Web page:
The problem I have is that process doesn’t happen much, even though the ‘tick-boxes’ of filling in the policy forms tries to police it, they actually make it mindless (like the ‘Important Licensing Information’ that nobody reads when installing software or watching a DVD). These problems have the same root – that is seeing technology (and forms and policies are organisational technologies) as solutions, rather than options or tools to use.

    Basket weaving (or Judo, or plate spinning) might need the physical presence. Who knows? Maybe not. At some point people must have thought that you couldn’t truly communicate by speaking into a plastic banana with lots of wires inside. Now we all have mobile versions. Maybe learning basket weaving with a master weaver from Laos who can’t afford to come to Australia might be great online.

    On the other side is the diversity issue. If, in the current political/economic climate HE institutions cannot continue to offer what they have for the last 200 years, they need to re-think the model. Otherwise they’ll end up with a top 20 chart show of educational ‘hits’ (which has already happened). That’s no good either, particularly in a multi/interdisciplinary world of constant change. Diversity is an evolutionary safeguard against sudden change – universities risk being Dinosaurs.

    (The talent rant isn’t on here in it’s entirety. Some parts of it are in this essay, which you may have already read).

  • :) So after all that, it turns out that I agree with your idea on most parts. But what is the next step? How do you affect such a change in HE institutions when it involves redefining their very structure and process? Like many core changes, I feel that it might be fatal to the intrinsic idea to integrate the ideas slowly over a period of time – people lose sight of what they are trying to acheive – what is old and what is new – the idea gets watered down and suddenly it’s just the same structure as there was before with a different coat of paint. Would you simply tear an institution down (figuratively, or maybe literally as well) and build the new idea in it’s place? Could it happen incrementally – taking a few courses and then moving others over time to the new system?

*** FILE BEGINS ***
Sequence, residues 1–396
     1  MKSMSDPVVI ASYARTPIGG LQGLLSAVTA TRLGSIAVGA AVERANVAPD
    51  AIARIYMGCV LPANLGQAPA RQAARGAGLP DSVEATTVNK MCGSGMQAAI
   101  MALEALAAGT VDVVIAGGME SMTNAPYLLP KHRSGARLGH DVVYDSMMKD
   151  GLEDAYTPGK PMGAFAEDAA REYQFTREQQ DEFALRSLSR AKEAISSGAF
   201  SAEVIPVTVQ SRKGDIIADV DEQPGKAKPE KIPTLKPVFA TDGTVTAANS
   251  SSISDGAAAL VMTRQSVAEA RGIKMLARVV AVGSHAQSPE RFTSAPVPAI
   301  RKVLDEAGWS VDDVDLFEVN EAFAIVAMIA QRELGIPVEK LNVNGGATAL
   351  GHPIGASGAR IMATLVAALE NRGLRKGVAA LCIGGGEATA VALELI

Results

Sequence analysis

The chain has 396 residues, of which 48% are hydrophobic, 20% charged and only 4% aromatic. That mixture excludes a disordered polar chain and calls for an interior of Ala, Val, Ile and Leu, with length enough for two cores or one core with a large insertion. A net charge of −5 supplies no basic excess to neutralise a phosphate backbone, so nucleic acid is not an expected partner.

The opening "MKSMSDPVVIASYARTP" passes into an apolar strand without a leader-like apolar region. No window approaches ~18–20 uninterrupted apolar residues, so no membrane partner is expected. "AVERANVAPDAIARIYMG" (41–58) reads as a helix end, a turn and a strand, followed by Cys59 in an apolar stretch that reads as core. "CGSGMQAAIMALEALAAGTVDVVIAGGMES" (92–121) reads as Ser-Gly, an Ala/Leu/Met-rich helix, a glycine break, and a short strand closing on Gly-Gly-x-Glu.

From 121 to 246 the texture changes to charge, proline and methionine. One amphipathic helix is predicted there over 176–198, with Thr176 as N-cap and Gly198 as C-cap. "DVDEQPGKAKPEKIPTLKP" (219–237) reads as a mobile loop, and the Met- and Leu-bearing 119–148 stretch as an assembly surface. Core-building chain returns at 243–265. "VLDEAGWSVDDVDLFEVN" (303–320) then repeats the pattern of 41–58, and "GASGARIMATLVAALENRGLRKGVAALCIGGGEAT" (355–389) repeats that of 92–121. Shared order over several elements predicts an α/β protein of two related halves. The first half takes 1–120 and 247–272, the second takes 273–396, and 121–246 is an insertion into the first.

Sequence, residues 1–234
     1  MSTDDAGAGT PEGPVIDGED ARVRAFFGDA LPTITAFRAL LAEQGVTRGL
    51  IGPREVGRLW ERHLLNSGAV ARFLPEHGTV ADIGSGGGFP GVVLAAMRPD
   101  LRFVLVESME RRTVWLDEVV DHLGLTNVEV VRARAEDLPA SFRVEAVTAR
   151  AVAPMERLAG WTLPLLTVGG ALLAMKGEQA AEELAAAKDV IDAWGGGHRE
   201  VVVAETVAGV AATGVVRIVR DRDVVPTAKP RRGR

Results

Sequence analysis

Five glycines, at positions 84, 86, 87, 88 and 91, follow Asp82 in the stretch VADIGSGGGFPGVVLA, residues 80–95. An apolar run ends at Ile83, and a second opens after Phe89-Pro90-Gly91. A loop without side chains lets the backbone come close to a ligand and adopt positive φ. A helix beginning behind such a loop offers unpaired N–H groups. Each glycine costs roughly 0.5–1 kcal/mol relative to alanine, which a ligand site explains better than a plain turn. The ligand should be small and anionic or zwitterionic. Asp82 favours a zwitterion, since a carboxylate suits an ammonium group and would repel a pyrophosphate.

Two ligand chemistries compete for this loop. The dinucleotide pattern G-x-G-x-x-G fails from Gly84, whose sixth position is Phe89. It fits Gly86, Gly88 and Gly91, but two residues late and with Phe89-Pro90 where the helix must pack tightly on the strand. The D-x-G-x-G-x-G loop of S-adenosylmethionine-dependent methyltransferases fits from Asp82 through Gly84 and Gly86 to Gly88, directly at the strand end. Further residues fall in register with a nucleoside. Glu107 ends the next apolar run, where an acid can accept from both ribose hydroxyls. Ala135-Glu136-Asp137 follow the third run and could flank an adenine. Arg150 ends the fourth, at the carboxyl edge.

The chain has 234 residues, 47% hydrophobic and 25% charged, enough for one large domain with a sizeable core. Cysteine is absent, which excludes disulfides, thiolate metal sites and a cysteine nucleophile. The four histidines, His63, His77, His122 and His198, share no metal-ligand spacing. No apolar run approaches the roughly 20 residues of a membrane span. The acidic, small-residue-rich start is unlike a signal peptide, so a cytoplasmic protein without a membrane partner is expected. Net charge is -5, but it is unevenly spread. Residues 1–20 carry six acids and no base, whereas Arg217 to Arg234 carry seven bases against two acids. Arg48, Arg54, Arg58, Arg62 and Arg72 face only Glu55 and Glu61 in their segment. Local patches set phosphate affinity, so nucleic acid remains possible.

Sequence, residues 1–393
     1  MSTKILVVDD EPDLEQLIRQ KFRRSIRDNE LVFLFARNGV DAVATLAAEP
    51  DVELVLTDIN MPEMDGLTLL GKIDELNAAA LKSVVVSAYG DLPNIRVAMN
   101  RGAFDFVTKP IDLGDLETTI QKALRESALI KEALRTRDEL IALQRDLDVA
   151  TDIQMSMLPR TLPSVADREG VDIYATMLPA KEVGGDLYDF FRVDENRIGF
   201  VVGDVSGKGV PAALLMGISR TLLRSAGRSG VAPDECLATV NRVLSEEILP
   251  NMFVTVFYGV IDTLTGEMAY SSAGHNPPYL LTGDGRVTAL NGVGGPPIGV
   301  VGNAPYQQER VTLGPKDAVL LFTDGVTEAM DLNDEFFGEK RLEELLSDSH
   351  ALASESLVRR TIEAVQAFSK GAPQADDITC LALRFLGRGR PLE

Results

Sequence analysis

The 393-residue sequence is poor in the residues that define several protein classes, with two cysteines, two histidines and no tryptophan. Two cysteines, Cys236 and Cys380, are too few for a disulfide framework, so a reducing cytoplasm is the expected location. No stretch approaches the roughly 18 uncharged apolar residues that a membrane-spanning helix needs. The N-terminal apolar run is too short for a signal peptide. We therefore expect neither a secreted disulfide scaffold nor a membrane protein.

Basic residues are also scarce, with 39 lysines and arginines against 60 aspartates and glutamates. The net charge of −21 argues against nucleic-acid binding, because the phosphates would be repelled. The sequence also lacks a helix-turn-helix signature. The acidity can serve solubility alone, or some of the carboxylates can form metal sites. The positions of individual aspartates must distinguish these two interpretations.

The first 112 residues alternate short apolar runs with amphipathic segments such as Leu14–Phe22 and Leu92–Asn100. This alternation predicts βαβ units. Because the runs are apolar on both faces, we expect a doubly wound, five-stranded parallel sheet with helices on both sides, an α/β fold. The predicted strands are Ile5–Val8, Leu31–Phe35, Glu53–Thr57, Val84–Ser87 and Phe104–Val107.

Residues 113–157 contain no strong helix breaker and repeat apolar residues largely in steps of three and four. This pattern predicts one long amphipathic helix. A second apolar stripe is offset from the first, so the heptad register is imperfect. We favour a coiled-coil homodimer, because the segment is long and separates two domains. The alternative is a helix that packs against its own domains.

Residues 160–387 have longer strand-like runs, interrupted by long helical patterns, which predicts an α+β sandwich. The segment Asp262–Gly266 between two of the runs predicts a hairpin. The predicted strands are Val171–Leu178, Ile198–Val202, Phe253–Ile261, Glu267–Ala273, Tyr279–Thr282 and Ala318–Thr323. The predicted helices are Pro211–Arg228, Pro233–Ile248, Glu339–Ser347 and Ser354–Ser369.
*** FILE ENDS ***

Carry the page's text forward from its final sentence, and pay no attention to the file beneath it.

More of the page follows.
• Some of it isn’t that radical in one sense. Pedagogically it makes a great deal of sense (and in some ways returns to methods that are thousands of years old).

    What would I do? Well, you really need to change high-level management and re-think their worth and role. Some of that is, I believe, generational shift and that takes time. When people my age are Vice Chancellors I’m sure we’ll have a different view of how things might work. On the other hand, some of this change is going to happen by itself. We can already see this in the student body and in culture in general. So the question is really “how can we be active in this process of change?” rather than “how do we react to the change when it’s already too late?”.

    Practically, it is possible within a faculty to do this. I think it’s pretty impossible to do at a school level because every has to do it otherwise it falls over. Some of the links I mentioned above have examples of this working.